The night was long and damp, but I managed to get some sleep and by morning the rain was a tad bit lighter. Unfortunately, though a sizable puddle had formed under my tent and leaked inside — I knew I should have brought a tarp! Rookie mistakes. Oh well. My spirits were still high.

Knowing the rain was supposed to last all day, I packed up and enjoyed a leisurely drive back home listening to the radio and letting my mind wander.

I think that’s one of the best things about traveling solo: you’re on your own time. I realized when I was hiking the day before that I had no concept of how fast or slow I was going. Normally I’m trying to keep up with my faster friends, or holding back to stick with those going at a slower pace. But here, whether I was hiking or driving or hanging out in my tent, it didn’t matter how long it took me to do anything.

In retrospect, I was far more cautious than I needed to be, but often that’s what keeps you safe on your first time out trying something new. So I figure, embrace your cautiousness. Take your time. Let mistakes happen, because they will: I failed to claim my first campsite. I failed to start a fire. I didn’t bring all my food. It poured down rain. My tent flooded. I didn’t even mention the fact that my car nearly ran out of gas on the way up the mountain the first time, and I had to drive back down 20 minutes to the nearest gas station.

It was far from a perfect first solo camping trip.

But the bottom line is, I’d camp solo again in a heartbeat (preferably next time not in the pouring rain!), and I think others should give it a try too. Listen to your gut, but don’t psych yourself out.  It’s so important to be able to find contentment and comfort in your own thoughts, and confidence in your own abilities and decision-making. And taking a simple trip out into the wilderness on your own is an incredible way to discover and develop that for yourself.

Camping Solo 3
My first solo camp
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56 thoughts on “Camping Solo

  • July 11, 2017 at 10:00 am
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    I’ve never tried camping solo before, it sounds exciting but also a little scary at the same time. I’m good with navigating but I’m not sure how I’ll manage when I’m all alone in the woods. I think it’s something that’s worth experiencing though, at least once in our lives.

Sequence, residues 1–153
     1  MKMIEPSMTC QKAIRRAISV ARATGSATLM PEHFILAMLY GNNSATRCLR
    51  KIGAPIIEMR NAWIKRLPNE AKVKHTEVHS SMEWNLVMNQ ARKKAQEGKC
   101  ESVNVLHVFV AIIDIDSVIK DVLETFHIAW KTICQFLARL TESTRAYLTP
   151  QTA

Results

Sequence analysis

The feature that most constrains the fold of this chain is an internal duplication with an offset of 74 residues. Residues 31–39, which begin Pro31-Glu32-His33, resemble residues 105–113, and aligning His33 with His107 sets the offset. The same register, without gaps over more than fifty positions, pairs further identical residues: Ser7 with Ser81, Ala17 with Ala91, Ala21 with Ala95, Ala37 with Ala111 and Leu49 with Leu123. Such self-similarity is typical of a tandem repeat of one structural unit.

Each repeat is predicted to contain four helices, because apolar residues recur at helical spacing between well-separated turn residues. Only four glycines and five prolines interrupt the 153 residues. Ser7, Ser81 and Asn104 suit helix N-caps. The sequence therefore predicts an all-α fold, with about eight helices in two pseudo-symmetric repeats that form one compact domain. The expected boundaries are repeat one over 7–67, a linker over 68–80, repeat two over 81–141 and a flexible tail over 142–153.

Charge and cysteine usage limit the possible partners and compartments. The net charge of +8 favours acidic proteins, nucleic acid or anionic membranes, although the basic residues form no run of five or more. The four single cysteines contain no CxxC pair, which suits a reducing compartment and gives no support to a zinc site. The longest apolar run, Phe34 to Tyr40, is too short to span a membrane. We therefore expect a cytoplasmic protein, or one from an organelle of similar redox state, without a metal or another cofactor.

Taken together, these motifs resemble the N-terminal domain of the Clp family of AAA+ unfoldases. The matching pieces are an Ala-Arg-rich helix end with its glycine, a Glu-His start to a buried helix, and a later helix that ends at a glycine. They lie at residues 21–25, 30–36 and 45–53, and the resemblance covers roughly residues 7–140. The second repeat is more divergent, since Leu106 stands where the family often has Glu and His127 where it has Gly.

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    • July 11, 2017 at 8:06 pm
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      Very cool! It’s always good to know your limits and comfort levels, and be willing to try expanding those. Thanks for your comments!

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  • July 11, 2017 at 5:37 am
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    Wow! Good for you. I really don’t know if I would ever go camping alone. I’m easily scared (bugs, strange noises, the dark), I don’t know if I would have fun lol

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    • July 11, 2017 at 8:10 pm
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      That makes sense, totally understandable. I did have one scare that I didn’t mention in the article — early in the morning, I was suddenly jolted awake by something hitting the top of my tent, and opened my eyes to see the silhouette of a squirrel half-sliding, half-scrambling away off the side of it. I think the squirrel scared itself as much as it scared me! 😛

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  • July 11, 2017 at 1:16 am
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    what a great chance to get in touch with nature so beautiful . I love to camp in groups and share what I see but you make great points as to why it would be great to explore alone as well.

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    • July 11, 2017 at 8:10 pm
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      I agree, it is so much more fun sometimes to be able to share your experience with others. There is something to be gained in both circumstances.

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  • July 10, 2017 at 8:35 pm
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    Camping solo would definitely be an experience. I have only ever camped once and that was with a huge group of people.

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    • July 11, 2017 at 8:11 pm
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      Oh wow, yeah camping alone is very different from camping in a large group, or even just a small group with a few friends. All can be fun, and it’s great to be able to experience the outdoors in a lot of different ways!

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  • July 10, 2017 at 8:32 pm
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    I love that you were journaling in your tent. That sounds like a peaceful thing to do.

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    • July 11, 2017 at 8:12 pm
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      It was very peaceful and cozy! I find that the mind wanders a lot anyway when one is sleeping in a tent, so you might as well write all those thoughts down. 🙂

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  • July 10, 2017 at 7:35 pm
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    You’re so brave to venture out on your own like this! It looks like you had a fab time though 🙂

    Louise x